Disclosure can be a complex and costly stage of any dispute, irrespective of the value and complexity of any particular dispute. Differing disclosure obligations arise at different points of claims, and can also exist in contract depending on specific terms.
We recently defended an application for disclosure of hundreds of thousands of documents from our client in the case of Equipe Regeneration Limited v. Higgins Construction Limited & Others  EWHC 3293 (TCC). Unusually the application was made following issue but before service of particulars – with the claimant saying that the documents were required so that it could make its case. Disclosure is a valuable and important part of litigation. However we argued that the disclosure process does not serve as an obligation to make the other party’s case – and the application for disclosure was refused.
Equipe Regeneration Limited (Equipe) issued protective proceedings against Higgins Construction Limited (Higgins) on 29 November 2019. The claim was eventually served on Higgins on 29 March 2020 but no particulars of claim were severed, in time, or at all. Equipe had also failed to serve a pre-action letter in any form.
Upon service of the claim form, Equipe requested a six-month extension of time in which to serve the particulars of claim which it said was necessary to “complete its investigations”. An extension of time was agreed to 18 September 2020.
Around August 2020, Equipe began requesting documents from Higgins, which it said Higgins was obliged to provide under the terms of the contract and were required “for the proper performance of its [contractual] obligations”. It also asked for a further six months to file and serve its particulars of claim. The documentation requested spanned several hundreds of thousands of documents – the dispute concerned maintenance works carried out across around 2,000 properties over a lengthy period.
Higgins resisted the requests in light of the fact that not only had Equipe had access to the documents, in one form or another, for around 12 years prior, it had also failed to serve a pre-action letter, the particulars of claim or set out why such documentation was relevant. That was despite numerous requests to do so. In reality, the documentation request was in fact a request for all the project documentation principally aimed at assisting Equipe in making its case against Higgins.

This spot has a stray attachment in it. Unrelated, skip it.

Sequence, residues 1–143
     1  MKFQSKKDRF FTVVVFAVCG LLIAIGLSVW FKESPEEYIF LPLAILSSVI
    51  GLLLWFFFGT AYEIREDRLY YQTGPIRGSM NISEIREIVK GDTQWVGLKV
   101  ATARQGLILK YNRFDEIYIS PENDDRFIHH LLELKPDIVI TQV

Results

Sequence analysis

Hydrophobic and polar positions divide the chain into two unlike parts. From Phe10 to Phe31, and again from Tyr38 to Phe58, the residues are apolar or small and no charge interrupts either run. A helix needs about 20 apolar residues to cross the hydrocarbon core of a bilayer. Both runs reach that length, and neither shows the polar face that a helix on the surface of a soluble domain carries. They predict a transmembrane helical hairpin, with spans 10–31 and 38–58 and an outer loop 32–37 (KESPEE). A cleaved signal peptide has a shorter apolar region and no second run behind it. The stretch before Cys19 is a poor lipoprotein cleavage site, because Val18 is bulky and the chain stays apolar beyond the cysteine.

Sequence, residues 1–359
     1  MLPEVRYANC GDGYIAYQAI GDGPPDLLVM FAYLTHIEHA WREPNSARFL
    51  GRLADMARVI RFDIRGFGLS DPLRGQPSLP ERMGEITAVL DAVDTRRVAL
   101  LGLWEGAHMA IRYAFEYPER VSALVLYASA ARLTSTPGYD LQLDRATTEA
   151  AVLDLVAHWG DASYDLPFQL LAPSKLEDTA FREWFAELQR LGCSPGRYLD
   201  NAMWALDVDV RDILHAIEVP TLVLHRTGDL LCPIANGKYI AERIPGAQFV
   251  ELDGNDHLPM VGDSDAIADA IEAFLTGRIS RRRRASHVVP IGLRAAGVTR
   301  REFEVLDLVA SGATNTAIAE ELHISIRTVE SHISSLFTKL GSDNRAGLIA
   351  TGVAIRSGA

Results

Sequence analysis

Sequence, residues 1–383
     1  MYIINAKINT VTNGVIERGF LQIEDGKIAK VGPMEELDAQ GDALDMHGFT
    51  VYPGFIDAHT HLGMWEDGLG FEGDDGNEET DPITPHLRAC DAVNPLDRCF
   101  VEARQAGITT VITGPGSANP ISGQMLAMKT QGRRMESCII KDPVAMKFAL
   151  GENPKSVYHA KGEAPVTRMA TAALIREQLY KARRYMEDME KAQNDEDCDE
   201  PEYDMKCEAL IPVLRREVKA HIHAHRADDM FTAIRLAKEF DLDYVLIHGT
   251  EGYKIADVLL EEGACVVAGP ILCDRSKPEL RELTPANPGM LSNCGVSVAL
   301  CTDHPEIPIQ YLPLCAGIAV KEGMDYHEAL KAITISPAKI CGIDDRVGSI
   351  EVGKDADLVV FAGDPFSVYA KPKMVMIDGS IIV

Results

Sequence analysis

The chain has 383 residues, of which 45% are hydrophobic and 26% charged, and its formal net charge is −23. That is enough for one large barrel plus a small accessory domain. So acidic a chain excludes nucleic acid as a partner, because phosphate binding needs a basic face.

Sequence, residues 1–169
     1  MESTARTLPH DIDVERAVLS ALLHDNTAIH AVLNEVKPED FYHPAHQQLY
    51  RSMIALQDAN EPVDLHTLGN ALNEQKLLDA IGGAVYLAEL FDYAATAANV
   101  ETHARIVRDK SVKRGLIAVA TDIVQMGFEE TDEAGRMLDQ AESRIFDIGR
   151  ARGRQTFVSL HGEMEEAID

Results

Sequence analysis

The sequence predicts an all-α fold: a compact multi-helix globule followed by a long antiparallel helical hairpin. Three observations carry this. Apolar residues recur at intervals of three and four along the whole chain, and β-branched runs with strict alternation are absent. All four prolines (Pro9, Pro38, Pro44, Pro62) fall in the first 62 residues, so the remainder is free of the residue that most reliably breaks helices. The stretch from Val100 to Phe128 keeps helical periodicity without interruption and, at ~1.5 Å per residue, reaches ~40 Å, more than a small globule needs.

On this basis, Higgins refused to disclose the documentation and Equipe proceeded to make an application premised on its belief that Higgins was contractually obliged to disclose the documentation. It also formally applied for the extension for service of the particulars.
Equipe conceded shortly before the hearing that it was already in possession of some 864,000 documents that formed part of this request, so it therefore abandoned 95% of its disclosure request.
The remaining requests were dealt with by the court. The judge noted that the time for pre-action disclosure had long passed – the claim was issued almost 12 months ago. He also noted that the usual time for disclosure is yet to have arrived – as the pleading phase of litigation must be sufficiently complete. It was also confirmed that the disclosure obligation under the court’s Disclosure Pilot Scheme only arises once the defendant in the proceedings (Higgins, in this case) can understand the claim against it, and that requires service of the particulars of claim. As noted above, Equipe had failed to take this step, or any pre-action steps whatsoever.
So far as Equipe’s claim that the contract allowed it a route to disclosure, the court said that the contractual provisions were clear. It concluded that unless the disclosure has some form of operational requirement, there was no contractual obligation to disclose anything, particularly as a part of litigation.
Disclosure is a valuable and important part of litigation. However the disclosure process does not serve as an obligation to make the other party’s case. There is no particular obligation to assist the claimant in making its case, particularly in circumstances where it cannot set this out on its own accord.
While this was only an interim application that forms part of a wider, more complete dispute involving substantial PFI refurbishment and maintenance contracts, its importance to claimants and defendants alike remains stark. Applications of this nature are becoming more common as leverage against the other party. Knowing how disclosure obligations operate will ensure you are not subject to vast, meritless disclosure requests – let us know if we can help you.
This article is from the December 2020 issue of Cornerstone, our newsletter for those working within the construction industry. For further information please contact a member of Birketts’ Construction Team. To download the latest issue, please visit the newsletter section of our website.
The content of this article is for general information only. It is not, and should not be taken as, legal advice. If you require any further information in relation to this article please contact the author in the first instance. Law covered as at December 2020.